Show house opening at eco-homes development on former factory site in Westgate

Drftwood Mews

Eco homes are being created on a brownfield site that was formerly occupied by a furniture factory in Westgate.

The Driftwood Mews development in Suffolk Avenue has 12 homes being created in phase one of the scheme – due for completion in October – with another 11 or 12 with a different exterior design to be finished next year.

The homes will all be A-rated EPC certified due to air source heat pump central heating, solar panels, an electric vehicle charging point per property and heat recovery mechanical ventilation.

Development boss Graham Ross opened the Atmosphere factory site producing Lexerton brand furniture in 1995. A move to Manston Business Park with a downsizing of the business in 2021 opened the opportunity to create the new homes in what is thought to be Thanet’s first sustainable eco development on this scale.

The site had two factory properties, a barrel vault building that initially was going to be converted, and a modern workshop site. There was also an office building.

Graham said: “(The) eco theme is the socially responsible thing any builder should do. Not building homes for the future, with energy costs the way the are now and emissions you get from a house, is morally unjustifiable.”

The details of the homes will mean solar power could provide enough energy for householders to live on electricity produced by their property – depending on their energy consumption – resulting in zero cost energy bills.

Graham said: “You can’t legislate for people who might leave their windows open in the winter or run a tumble dryer daily but these two-bed homes generate energy so you can do the cooking, have the TV and fridge freezer etc.”

The properties have waste water heat recovery, so the waste water heat is used to warm cold water in the tank and a mechanical ventilation system that keeps air fresh but can also keep it warm.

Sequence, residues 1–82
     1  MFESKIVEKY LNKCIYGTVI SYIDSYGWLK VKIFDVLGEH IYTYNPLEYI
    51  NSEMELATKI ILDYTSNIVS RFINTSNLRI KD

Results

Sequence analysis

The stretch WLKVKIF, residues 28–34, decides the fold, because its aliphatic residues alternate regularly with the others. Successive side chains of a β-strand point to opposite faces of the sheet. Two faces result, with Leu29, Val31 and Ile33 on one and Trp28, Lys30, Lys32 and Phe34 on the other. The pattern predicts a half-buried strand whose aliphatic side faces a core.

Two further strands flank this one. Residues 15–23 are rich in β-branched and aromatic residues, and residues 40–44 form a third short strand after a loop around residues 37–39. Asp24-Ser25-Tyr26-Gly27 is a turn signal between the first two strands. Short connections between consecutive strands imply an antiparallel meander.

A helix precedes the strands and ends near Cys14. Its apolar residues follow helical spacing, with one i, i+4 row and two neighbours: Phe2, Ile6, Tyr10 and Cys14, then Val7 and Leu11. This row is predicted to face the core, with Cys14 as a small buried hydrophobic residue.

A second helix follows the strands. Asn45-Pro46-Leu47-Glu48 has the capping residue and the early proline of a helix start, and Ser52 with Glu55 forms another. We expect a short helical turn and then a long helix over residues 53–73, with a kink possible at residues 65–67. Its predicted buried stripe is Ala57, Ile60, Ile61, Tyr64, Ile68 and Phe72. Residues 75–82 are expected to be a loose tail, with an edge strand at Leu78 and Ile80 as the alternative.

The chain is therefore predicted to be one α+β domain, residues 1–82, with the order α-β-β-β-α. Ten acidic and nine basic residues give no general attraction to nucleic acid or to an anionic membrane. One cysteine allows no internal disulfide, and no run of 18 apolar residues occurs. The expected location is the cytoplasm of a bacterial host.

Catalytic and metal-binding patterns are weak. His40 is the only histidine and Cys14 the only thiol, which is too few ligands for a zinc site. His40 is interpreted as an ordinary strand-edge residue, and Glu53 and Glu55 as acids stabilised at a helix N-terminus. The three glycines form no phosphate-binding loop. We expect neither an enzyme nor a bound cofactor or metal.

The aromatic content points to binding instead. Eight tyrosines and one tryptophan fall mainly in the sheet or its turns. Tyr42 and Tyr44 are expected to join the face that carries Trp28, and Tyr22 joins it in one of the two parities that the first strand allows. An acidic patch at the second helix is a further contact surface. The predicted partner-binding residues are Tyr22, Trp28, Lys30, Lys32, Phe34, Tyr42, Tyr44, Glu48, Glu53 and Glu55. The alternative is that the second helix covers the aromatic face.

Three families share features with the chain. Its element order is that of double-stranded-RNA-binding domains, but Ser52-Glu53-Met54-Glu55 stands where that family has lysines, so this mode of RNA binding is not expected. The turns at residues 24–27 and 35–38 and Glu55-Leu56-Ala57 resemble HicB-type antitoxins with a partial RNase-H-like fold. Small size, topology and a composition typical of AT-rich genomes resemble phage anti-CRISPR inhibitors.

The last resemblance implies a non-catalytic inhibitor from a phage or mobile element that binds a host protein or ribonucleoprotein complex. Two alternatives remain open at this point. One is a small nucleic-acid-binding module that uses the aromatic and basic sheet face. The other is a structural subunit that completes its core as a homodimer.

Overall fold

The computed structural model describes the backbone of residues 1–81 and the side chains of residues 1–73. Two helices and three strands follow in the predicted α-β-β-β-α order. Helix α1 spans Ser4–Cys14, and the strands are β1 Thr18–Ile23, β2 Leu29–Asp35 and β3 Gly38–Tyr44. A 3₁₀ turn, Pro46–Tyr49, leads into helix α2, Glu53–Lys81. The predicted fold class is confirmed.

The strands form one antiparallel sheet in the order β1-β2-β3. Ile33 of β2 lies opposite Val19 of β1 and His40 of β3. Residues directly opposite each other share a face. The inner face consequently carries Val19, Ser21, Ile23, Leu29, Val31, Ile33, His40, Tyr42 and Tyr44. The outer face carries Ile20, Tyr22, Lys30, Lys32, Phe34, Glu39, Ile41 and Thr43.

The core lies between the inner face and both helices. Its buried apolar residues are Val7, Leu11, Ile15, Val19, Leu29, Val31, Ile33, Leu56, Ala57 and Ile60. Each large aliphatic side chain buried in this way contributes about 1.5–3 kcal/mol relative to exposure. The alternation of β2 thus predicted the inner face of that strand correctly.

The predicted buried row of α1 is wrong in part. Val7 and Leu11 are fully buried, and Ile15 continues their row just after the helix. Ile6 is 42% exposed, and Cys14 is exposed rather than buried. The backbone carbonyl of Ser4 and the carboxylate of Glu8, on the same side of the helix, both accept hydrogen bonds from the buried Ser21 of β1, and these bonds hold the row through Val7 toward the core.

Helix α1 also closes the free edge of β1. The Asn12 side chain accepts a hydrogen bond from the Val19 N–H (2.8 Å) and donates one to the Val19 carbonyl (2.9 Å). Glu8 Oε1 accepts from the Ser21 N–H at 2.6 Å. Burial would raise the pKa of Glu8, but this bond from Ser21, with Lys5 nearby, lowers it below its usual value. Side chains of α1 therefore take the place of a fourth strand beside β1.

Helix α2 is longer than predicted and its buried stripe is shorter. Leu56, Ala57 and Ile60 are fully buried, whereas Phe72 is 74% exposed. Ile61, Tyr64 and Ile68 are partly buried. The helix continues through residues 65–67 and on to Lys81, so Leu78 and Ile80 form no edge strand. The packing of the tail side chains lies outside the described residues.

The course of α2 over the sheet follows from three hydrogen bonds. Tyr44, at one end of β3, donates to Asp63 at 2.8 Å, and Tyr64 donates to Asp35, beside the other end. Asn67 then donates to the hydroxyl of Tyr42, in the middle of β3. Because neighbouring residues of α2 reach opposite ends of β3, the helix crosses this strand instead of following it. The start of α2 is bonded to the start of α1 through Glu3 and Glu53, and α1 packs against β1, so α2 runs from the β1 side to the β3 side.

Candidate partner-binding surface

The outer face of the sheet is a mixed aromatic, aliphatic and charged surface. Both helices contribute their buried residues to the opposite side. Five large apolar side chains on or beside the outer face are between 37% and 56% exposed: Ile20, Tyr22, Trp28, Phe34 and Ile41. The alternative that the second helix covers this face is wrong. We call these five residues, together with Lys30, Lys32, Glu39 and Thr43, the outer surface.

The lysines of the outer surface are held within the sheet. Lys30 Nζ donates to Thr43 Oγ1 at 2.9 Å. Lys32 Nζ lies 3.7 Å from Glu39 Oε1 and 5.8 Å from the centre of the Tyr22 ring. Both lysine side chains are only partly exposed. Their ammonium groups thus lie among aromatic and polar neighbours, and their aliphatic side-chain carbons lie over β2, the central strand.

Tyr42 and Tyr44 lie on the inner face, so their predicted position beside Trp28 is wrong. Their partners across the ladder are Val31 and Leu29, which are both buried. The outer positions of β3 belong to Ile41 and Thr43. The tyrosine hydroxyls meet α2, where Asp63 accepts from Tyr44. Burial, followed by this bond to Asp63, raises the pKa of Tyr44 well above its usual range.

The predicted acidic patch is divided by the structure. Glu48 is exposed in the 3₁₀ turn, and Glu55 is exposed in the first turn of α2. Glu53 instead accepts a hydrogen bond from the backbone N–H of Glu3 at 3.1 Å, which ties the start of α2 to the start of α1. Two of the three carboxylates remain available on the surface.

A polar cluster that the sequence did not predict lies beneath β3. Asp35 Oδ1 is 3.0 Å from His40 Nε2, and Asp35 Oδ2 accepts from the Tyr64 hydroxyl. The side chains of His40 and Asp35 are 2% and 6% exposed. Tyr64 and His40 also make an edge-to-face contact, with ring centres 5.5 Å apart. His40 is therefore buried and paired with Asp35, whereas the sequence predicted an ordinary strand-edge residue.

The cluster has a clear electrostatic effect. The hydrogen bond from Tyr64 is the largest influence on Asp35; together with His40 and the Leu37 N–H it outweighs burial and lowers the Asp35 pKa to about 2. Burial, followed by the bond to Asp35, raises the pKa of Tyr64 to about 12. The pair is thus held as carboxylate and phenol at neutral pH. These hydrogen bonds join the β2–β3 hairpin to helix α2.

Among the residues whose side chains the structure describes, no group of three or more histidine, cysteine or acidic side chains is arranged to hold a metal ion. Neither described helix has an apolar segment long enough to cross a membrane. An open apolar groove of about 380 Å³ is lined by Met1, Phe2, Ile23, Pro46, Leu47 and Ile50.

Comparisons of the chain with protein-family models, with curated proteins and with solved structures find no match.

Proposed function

There is also underfloor heating and hi-tech insulation.

Each home will collect free energy from the sun using PV (photovoltaic), or PV-T (photo-voltaic thermal) panels, with the potential to store surplus summer heat in the soil within the foundations of the building in an earth energy bank.

There is the additional option to store surplus electrical energy in a battery. The stored low-grade heat, can then be withdrawn for use within the building via a heat pump which raises the temperature to a level that can be used for space heating and domestic hot water.

Graham said the target market is wide, from starter homes to retirees.

He said: “They are packed with technology so people like first-time buyers have no other costs and we believe some mortgages recognise this type of house and so that people will be able to afford that mortgage more easily because they aren’t also facing huge electric bills.

“There is also wider potential for retiree, people who are living on a fixed income so their bills are managed, and hopefully will have a wide sort of community.”

The cost of building properties to an A rated EPC with the environmentally friendly aspects is greater than a standard build but Graham says: “They are two up two down, small houses but we think people will see the value in them.”